The National COVID-19 Coordination Commission (NCCC) is supposed to coordinate advice to the federal government on actions to anticipate and mitigate the economic and social impacts of the global COVID-19 pandemic1. The commission’s chairman is Neville Power, a former Managing Director and CEO of Fortescue Metals Group Ltd and current Deputy Chairman of Strike Energy Ltd2. A leaked draft report by a manufacturing taskforce (led by NCCC board member, Dow Chemical executive and Saudi Aramco board member, Andrew Liveris) advising the NCCC, recommends the Morrison government dramatically increase the Australian gas market by underwriting a massive expansion of the domestic gas industry, including opening new fields and building hundreds of kilometres of pipelines3. The report does not consider alternatives to gas, or what happens if greenhouse gas emissions are to be cut as promised under the 2015 Paris climate agreement3. Power’s company, Strike Energy, owns assets of gas (about 500 billion cubic feet; 14.2 billion cubic metres) in the Perth (WA) and Cooper (SA-Qld) basins4.
After publication of this draft taskforce report, which was supposed to be kept under wraps, Power has agreed to step aside from his position as deputy chairman of a gas company over conflict of interest concerns5. So he has agreed to step aside only because of the leak. If there had been no leak he would not have stepped aside. A spokesman for the National Covid-19 Coordination Commission said on Friday evening (May 22): “Because of the perceptions of conflict of interest he has stepped back from participating in [Strike Energy] board meetings and will not participate in the decisions of the board”5. However, he will presumably still attend meetings of the NCCC and will contribute to NCCC reports and advice to the government. This sounds almost acceptable until you realise that it is just window dressing, because Power recently purchased $A320k worth of shares in Strike Energy at $A0.16 per share6. So, there still exists a severe conflict of interest, in that increases in the gas market and the installation of pipelines will benefit Strike Energy. Therefore, the only acceptable solution is for Power to either sell all his shares and formally sever his ties not only with Strike Energy, but with any companies which may benefit from reconstructing the economy after the pandemic, or to resign as chairman of the NCCC.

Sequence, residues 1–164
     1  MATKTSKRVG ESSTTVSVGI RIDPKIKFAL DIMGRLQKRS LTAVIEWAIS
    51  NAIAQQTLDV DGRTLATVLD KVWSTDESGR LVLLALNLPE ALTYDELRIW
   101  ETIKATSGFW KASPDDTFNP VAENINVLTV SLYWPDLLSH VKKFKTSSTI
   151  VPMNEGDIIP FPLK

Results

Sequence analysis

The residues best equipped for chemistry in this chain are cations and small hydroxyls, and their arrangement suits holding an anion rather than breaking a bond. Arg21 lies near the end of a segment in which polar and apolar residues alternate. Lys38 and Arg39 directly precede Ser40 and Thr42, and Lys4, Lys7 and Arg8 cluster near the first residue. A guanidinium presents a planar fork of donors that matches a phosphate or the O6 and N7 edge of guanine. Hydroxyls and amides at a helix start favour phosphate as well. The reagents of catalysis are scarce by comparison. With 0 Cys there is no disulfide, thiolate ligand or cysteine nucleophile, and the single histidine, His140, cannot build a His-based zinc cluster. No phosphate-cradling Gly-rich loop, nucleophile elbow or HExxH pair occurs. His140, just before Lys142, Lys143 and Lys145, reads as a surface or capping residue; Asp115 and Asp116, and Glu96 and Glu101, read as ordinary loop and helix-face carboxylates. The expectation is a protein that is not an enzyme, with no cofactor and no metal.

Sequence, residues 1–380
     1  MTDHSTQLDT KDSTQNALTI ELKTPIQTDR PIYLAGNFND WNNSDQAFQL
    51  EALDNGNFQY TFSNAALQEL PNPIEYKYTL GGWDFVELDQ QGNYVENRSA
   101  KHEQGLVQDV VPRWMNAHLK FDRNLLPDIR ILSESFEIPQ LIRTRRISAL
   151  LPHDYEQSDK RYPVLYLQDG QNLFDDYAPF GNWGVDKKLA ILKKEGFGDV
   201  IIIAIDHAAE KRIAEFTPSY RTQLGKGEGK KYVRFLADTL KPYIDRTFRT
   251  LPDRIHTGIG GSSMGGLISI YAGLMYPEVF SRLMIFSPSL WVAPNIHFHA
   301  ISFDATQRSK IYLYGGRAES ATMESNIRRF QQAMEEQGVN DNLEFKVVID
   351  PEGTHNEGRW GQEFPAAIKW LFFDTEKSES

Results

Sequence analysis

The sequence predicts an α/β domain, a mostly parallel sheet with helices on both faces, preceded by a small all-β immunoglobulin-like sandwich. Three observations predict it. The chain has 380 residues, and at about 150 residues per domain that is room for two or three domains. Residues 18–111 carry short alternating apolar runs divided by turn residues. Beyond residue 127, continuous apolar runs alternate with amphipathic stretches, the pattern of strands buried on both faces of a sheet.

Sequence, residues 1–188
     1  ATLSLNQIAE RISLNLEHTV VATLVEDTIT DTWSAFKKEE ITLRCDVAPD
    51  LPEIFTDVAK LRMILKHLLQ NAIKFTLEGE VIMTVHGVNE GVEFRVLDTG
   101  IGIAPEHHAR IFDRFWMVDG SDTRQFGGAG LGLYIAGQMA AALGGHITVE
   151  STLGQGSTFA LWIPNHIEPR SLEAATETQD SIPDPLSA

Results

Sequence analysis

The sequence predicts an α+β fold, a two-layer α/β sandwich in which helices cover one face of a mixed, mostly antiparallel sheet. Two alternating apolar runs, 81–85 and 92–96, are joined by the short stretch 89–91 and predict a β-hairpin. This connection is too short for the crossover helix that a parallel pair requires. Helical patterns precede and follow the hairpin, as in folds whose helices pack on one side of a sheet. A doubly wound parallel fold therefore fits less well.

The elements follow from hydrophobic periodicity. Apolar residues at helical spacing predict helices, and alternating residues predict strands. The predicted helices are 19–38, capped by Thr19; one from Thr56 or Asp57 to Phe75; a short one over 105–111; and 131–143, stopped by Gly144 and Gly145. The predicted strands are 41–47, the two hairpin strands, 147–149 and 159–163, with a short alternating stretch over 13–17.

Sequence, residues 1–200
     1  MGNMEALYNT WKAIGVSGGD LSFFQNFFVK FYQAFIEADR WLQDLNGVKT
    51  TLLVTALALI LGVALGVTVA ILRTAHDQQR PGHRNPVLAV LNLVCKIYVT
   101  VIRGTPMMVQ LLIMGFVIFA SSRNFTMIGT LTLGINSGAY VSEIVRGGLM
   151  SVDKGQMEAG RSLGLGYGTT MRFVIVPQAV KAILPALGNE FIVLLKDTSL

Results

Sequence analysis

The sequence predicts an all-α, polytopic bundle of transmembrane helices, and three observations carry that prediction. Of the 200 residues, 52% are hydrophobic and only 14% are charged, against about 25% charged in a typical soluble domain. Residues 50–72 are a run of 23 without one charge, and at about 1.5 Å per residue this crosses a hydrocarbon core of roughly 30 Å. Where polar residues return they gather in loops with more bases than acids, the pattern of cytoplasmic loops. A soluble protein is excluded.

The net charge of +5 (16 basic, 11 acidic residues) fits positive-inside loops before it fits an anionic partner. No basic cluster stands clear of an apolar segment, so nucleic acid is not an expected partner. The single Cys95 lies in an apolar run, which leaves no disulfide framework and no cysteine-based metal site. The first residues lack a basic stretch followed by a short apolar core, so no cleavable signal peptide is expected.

Not taking a conflict of interest seriously is something that began with the Howard government, with then minister Jim Short being surprised at the perceived need for him to resign when it was discovered that he had ANZ shares, while having ministerial responsibility for the banking sector of the economy7. Conflicts of interest have been taken less seriously ever since. That has to change, and Power needs to go.